Biological Criteria for Buffer Zones around Wetlands and Riparian Habitats for Amphibians and Reptiles
Terrestrial habitats surrounding wetlands are critical to the management of natural resources. Although the protection of water resources from human activities such as agriculture, silviculture, and urban development is obvious, it is also apparent that terrestrial areas surrounding wetlands are core habitats for many semiaquatic species that depend on mesic ecotones to complete their life cycle. For purposes of conservation and management, it is important to define core habitats used by local breeding populations surrounding wetlands. Our objective was to provide an estimate of the biologically relevant size of core habitats surrounding wetlands for amphibians and reptiles. We summarize data from the literature on the use of terrestrial habitats by amphibians and reptiles associated with wetlands ( 19 frog and 13 salamander species representing 1363 individuals; 5 snake and 28 turtle species representing more than 2245 individuals ). Core terrestrial habitat ranged from 159 to 290 m for amphibians and from 127 to 289 m for reptiles from the edge of the aquatic site. Data from these studies also indicated the importance of terrestrial habitats for feeding, overwintering, and nesting, and, thus, the biological interdependence between aquatic and terrestrial habitats that is essential for the persistence of populations. The minimum and maximum values for core habitats, depending on the level of protection needed, can be used to set biologically meaningful buffers for wetland and riparian habitats. These results indicate that large areas of terrestrial habitat surrounding wetlands are critical for maintaining biodiversity.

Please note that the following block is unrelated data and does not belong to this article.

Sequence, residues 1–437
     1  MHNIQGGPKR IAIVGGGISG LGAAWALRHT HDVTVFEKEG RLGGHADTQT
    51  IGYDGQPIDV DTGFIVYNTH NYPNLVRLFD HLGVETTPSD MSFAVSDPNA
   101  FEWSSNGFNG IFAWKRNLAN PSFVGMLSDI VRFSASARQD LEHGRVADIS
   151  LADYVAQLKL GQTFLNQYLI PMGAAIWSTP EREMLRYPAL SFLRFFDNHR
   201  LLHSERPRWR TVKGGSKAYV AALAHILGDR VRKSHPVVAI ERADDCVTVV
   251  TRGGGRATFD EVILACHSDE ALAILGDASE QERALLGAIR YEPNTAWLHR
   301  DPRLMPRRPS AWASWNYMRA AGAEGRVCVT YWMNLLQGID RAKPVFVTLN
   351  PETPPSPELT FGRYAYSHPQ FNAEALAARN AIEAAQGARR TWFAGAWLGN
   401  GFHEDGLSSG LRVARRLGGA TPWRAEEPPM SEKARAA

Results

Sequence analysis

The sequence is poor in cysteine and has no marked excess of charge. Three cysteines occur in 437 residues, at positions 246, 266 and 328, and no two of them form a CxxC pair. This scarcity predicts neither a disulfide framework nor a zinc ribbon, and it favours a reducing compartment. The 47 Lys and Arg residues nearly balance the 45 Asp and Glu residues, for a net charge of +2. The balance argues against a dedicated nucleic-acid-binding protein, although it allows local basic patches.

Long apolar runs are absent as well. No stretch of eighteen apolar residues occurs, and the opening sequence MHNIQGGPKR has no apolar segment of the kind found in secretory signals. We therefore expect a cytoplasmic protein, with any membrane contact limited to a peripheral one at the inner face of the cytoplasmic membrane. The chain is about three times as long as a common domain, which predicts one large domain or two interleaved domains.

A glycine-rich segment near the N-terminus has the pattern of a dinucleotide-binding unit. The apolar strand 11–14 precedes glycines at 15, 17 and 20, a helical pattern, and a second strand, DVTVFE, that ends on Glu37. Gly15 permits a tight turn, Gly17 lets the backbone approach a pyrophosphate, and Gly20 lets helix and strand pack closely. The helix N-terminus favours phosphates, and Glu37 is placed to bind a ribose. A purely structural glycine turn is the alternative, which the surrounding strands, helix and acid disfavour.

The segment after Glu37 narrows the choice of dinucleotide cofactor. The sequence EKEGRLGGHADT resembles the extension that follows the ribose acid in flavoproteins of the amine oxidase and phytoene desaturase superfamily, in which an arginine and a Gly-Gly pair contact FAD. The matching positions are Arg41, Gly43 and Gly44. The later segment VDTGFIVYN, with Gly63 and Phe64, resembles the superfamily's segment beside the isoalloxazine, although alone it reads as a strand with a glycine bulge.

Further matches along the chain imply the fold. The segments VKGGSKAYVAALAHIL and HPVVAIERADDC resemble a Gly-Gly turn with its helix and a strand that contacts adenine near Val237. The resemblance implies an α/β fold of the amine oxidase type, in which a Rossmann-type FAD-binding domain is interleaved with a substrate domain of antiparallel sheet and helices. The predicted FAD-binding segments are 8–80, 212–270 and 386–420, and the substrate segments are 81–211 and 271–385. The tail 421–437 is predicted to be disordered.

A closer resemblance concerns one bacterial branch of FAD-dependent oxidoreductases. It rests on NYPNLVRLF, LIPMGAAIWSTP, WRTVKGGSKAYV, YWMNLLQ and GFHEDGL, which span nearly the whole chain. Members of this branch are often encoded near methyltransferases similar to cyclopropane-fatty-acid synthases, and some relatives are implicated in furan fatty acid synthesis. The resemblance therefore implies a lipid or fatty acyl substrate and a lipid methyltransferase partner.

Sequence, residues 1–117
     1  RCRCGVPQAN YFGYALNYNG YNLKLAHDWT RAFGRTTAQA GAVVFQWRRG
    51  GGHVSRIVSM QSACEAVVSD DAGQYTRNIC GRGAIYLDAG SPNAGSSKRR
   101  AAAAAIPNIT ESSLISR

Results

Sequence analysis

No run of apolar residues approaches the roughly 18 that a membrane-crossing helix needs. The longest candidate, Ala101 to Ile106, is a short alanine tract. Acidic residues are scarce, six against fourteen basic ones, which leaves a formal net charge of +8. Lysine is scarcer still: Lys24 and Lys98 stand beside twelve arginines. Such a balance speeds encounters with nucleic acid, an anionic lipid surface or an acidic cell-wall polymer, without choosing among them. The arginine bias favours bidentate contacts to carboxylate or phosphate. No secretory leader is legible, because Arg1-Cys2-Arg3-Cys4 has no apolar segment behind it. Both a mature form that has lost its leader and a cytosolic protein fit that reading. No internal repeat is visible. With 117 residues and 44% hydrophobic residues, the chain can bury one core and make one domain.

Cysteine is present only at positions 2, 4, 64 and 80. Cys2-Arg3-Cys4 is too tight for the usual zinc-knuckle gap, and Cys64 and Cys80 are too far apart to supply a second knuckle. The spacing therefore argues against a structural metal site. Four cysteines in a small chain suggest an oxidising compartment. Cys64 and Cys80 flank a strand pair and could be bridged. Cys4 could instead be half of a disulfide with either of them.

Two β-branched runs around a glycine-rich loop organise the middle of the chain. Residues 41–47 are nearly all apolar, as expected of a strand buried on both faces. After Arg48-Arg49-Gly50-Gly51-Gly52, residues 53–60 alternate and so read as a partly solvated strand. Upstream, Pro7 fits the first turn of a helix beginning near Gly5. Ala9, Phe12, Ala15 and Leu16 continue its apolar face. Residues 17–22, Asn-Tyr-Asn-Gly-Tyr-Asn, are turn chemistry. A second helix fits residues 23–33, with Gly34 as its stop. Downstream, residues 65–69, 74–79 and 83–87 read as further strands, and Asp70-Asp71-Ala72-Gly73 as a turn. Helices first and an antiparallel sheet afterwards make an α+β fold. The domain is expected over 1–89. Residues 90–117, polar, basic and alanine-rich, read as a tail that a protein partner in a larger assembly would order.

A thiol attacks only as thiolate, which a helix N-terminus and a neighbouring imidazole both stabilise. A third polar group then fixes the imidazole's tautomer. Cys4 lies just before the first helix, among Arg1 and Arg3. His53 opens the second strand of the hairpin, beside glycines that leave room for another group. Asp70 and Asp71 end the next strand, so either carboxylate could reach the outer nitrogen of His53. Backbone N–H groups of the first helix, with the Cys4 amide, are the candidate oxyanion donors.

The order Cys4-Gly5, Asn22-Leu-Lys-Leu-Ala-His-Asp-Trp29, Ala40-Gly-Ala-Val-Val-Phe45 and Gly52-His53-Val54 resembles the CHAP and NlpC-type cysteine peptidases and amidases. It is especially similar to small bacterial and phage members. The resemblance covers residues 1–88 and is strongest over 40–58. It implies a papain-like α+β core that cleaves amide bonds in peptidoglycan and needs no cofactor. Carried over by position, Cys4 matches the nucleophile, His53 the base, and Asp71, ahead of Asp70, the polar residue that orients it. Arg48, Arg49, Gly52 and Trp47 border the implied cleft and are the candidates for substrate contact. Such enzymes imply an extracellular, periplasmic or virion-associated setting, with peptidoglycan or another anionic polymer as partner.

Document Type: Research Article
Affiliations: 1: Division of Biological Sciences, 105 Tucker Hall, University of Missouri, Columbia, MO 65211–7400, U.S.A., 2: Bodie Design Group, 507 Crooked Oak Drive, Pawleys Island, SC 29585, U.S.A.
Publication date: October 1, 2003